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Why Sustainability Management Degrees Are So Hot Right Now

By Laura Bridgestock

Updated March 13, 2021 Updated March 13, 2021

Sponsored by LUMSA

When the US pulled out of the Paris Climate Agreement earlier this month, Google, Apple, Goldman Sachs, ExxonMobil, and countless other businesses condemned his move. Why? Because sustainability management isn’t just a global humanitarian challenge, it’s the business opportunity of the century. Here’s why you should get involved.

1. Sustainability degrees are like a fine wine...

… They get better with age. While you could have gotten away a decade ago without a sustainability management degree, green credentials like LUMSA’s MSc in Management and Sustainability are increasingly sought after because businesses need grads with the in-depth expertise and professional toolkit required to untangle complex social issues.

Were you to upskill by doing LUMSA’s MSc, you could expect to find jobs in new innovative fields like corporate social responsibility, sustainability management, consultancy and business analysis, social entrepreneurship, whether for think tanks, multinationals, European and international institutions, public administrations, NGOs or social enterprises.

2. More and more companies have sustainability programs

As sustainability becomes more widespread, an increasing number of businesses across sectors including finance, healthcare, manufacturing and construction will rely on sustainability managers to untangle complex sustainability issues.

A common misconception about sustainability is that it’s fundamentally incompatible with most business models. However, thanks to huge strides in technology, increasingly reliable renewables and shifting public opinion, many corporations have realized sustainability also means greater efficiency and have therefore turned to renewables to cap prices, guarantee supply security and foster brand love.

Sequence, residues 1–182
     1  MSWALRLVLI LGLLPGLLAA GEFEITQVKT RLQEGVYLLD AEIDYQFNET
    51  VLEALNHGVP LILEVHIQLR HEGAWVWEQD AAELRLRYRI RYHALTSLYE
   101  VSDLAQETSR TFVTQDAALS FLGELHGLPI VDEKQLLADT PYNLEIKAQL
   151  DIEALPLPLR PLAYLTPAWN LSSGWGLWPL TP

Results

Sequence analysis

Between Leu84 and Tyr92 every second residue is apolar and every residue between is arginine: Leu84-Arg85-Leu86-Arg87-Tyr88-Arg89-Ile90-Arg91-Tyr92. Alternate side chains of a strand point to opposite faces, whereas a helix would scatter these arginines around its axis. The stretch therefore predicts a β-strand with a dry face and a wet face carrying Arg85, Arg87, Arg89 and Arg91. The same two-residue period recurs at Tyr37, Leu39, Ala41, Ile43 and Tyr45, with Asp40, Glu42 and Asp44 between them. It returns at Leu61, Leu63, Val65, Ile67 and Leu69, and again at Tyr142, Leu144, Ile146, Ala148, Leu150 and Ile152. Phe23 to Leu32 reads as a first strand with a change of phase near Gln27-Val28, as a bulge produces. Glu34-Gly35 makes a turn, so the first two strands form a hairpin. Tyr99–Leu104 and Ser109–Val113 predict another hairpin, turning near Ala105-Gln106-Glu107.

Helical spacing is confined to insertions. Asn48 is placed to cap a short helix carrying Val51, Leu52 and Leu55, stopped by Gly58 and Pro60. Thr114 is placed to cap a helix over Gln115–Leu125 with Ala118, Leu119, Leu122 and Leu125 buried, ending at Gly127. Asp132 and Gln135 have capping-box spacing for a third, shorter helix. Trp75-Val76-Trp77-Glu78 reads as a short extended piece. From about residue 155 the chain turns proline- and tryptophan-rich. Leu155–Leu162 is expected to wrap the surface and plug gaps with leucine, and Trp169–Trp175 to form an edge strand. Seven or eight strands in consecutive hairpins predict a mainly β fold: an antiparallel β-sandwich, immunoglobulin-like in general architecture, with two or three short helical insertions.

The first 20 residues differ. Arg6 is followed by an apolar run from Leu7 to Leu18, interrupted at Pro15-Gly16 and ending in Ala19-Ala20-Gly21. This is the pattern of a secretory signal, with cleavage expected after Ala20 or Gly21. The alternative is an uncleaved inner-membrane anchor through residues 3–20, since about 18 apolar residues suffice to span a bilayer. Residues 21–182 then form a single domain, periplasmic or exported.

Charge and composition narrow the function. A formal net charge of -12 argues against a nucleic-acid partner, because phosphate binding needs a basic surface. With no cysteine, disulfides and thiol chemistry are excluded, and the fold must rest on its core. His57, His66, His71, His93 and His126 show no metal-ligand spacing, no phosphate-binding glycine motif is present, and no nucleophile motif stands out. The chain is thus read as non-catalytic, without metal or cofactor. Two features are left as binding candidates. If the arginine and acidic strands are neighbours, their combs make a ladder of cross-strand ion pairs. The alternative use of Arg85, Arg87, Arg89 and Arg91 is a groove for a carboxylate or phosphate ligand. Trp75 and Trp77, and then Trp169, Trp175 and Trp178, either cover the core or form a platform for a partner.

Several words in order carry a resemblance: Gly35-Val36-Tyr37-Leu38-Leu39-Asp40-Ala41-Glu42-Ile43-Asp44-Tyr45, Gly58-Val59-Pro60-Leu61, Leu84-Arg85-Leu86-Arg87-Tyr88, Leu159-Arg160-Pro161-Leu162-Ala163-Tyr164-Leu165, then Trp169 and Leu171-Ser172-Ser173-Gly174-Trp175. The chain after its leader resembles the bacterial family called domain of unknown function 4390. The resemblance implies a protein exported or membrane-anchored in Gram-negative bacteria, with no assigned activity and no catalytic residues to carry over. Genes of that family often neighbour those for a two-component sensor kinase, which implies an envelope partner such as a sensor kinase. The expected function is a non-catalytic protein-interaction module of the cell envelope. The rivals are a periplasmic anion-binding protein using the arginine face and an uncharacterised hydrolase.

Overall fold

A 2016 report found that investors worth as much as US$5 trillion chucked fossil fuels from their portfolios, as researchers at UC Berkeley and Stanford estimate $50 trillion savings by 2050 if renewables completely replace fossil fuels. 

3. Grads deal with high-impact social and environmental issues

Whether you choose to serve the public or private sector, working in sustainability management means dedicating your career to limiting the depletion of our natural resources and maintaining the quality of life on Earth. Why is this important? Because research has shown professionals who find their work meaningful are happier and more productive.

4. It’s an emotionally and financially rewarding career

In sustainability, business executives tend to earn very comfortable median salaries. According to the US Bureau of Labor Statistics, median salaries in sustainability range between US$46,000 and US$72,000, with management jobs at the very top end of the payscale. Meanwhile, salaries for sustainability management professionals in the UK are on the rise, with a 2016 report estimating they earn £57,350 (US$73,100) on average, while top earners make £94,000 (US$119,800).

5. You could step into the C-level executive suite

Sustainability leadership roles are on the rise. Most companies these days have a C-level executive suite comprising of executive, financial, operations, marketing, and technology chief officers. A few forward-looking businesses now also employ a chief sustainability officer - a growing role with increasing responsibilities and a bright future. As corporations evolve to survive a warming planet with strained resources, there will be a growing need for sustainability chiefs to come in and manage sustainability from a business management perspective.

Study sustainability management at LUMSA in Rome
The Italian university’s MSc in Management and Sustainability covers topics like corporate social responsibility, sustainability, regulation and the European Union against on-going major global economic reshuffling and environmental and social emergencies. Your training would suit you perfectly for a career as a manager or consultant in the public or private sectors, or at an NGO.

Situated in the Prati district of Rome, with some of its campus buildings dating back to 1859, within walking distance of San Pietro and the Vatican City, LUMA brings together old and new. If you’re interested, you can read about the Club of Rome and the Italian capital’s strong sustainability track record here.

To find out more about the program, drop Professor Nicoletta Rangone a line and she’ll get back to you with more information.

This article was originally published in July 2017 . It was last updated in March 2021

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